Many feel as if there is a drastic difference between classic films and contemporary films, with Brianna Brann [] stating: “Older films are truly classic, reflecting a nostalgic past through strong storylines and uncomplicated filmmaking. Classics are often unique works of cinema that have transcended time and trends, with the undoubtable quality of acclaimed cinematic works. As a result, renowned film critics tend to show substantial favouritism to older films. In fact, when Roger Ebert, who was the very first film critic to win the Pulitzer Prize for criticism, created one final list of his top 10 favourite films of all time in 2012, all except one of his selected movies were more than 30 years old… Classic films, whose stories and characters are not enhanced by special effects or digital compositing, are believed to allow audiences to adopt a more hands-on viewing experience by showcasing film’s unique elements at a more personal, organic level. On the other hand, modern films are too often generalized as pop-culture flicks that are solely concerned with making revenue rather than producing quality content. Beyond this stereotype, the technological advancements that are often criticized for tarnishing modern motion pictures have also massively streamlined the process of film production.

 A Reddit user by the name of ‘Moxbuncher’ argues that “I think, post French New Wave, the films have become much more dynamic and “fast”, and even now we’re suffering from the overuse and misuse of the jump cut technique. Long takes are hard to come by mainstream films these days as people demand things that are easier for them to hold their attentions on to. People nowadays are so cooped in the idea that ‘they don’t have time’ that the effect of watching something ‘long’ or ‘slow’ requires so much ‘time’ for them that it becomes physically painful. Also, this isn’t to say that every old film is good. No, I don’t think so. I think people should uphold all films to the same standard. What I mean is, even though Citizen Kane is a great film technically, it really doesn’t evoke anything much in me. Game changer, yes, and the production behind it is something else too.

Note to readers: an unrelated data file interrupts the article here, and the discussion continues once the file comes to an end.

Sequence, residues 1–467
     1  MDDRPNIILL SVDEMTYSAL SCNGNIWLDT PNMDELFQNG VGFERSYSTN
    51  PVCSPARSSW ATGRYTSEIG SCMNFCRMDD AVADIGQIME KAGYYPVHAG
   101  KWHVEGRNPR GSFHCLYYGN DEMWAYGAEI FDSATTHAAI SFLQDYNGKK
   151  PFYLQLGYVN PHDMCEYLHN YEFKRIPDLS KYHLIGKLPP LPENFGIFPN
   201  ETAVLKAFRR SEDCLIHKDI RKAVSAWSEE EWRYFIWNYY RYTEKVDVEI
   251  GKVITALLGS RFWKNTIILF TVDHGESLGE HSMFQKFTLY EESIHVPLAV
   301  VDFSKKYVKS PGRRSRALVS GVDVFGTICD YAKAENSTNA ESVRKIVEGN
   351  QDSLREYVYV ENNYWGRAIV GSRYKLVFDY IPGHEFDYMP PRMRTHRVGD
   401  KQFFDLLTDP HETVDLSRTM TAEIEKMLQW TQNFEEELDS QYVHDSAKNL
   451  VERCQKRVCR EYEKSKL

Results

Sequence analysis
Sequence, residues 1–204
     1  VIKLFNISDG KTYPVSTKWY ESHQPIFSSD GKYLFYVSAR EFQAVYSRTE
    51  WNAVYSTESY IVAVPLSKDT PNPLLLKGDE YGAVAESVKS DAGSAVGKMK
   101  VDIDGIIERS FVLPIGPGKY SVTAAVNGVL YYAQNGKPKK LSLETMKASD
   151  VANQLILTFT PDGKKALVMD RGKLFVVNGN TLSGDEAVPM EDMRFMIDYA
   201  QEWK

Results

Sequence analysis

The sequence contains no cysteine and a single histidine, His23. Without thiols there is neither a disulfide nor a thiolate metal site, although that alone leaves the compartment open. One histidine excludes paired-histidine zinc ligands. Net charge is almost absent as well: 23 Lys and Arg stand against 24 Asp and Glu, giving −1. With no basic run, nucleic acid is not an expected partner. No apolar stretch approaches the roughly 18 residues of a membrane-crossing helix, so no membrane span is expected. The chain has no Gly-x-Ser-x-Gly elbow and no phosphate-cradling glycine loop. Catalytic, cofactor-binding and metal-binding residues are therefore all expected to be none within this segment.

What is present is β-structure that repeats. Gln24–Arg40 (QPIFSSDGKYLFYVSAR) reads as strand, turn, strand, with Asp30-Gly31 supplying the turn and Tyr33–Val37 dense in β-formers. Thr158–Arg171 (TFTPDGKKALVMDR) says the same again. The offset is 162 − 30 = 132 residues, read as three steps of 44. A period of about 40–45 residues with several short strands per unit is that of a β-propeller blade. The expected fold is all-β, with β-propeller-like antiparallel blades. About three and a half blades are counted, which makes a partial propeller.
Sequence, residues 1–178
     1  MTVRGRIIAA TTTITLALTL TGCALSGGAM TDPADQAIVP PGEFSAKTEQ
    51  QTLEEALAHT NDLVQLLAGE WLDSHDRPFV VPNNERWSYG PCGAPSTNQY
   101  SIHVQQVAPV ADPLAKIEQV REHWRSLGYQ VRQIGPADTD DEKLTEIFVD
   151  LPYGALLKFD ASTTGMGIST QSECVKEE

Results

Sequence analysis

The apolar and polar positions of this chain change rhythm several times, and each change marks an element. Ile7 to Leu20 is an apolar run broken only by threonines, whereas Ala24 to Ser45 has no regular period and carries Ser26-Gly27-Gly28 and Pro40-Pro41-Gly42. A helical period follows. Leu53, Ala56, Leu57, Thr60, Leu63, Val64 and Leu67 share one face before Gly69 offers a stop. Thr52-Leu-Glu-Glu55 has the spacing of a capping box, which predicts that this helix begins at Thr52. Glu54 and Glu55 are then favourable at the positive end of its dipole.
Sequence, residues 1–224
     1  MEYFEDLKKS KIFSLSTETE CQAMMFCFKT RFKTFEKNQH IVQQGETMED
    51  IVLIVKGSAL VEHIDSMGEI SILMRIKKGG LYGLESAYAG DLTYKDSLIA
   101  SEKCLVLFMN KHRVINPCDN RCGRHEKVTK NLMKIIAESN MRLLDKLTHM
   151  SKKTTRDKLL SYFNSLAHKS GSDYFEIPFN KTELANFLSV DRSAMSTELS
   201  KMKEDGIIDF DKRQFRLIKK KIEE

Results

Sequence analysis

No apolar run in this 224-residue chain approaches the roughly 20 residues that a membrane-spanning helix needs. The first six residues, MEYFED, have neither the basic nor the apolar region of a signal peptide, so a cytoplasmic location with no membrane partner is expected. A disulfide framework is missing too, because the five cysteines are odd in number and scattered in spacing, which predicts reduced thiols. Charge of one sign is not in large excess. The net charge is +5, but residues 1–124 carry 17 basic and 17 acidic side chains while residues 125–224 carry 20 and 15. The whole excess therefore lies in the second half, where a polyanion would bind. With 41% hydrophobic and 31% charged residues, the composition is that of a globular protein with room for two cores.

Laura Mulvey investigated the anti-fascist themes of Citizen Kane in her 1992 monograph for the British Film Institute, in which she wrote that the film reflects “the battle between intervention and isolationism” fought in the United States while President Franklin D. Roosevelt was fighting to win public opinion for entering the Second World War.

Mulvey stated that “the destiny of isolationism is realized in metaphor: in Kane’s own fate, dying wealthy and lonely, surrounded by the detritus of European culture and history.” 

Comparisons are also frequently made between Donald Trump and Charles Foster Kane, with Citizen Kane reported to be one of his favourite films. It is also said that Trump himself was bewitched by Kane and identifies strongly with him.

Journalist Ignacio Ramonet has noted Citizen Kane as a foreboding example of the mass media manipulation of opinion, and the power media conglomerates have on politics. Media mogul Rupert Murdoch, owner of News Corp is sometimes labelled as a modern Citizen Kane due to his impact on the political sphere through media. 

Rotten Tomatoes has a ‘Tomatometer‘ which ranks films. A score of 70-100% meets the ‘Certified Fresh’ standard if they have been reviewed by at least 80 critics and five ‘Top Critics’. Films scoring between 60-100% meet the ‘Fresh’ standard with no other requirements, and anything below 60% receives the ‘Rotten’ rating, usually meaning it’s not worth the watch.  

Even with its new 99% rating, Citizen Kane will still often called one of the most influential films of all time.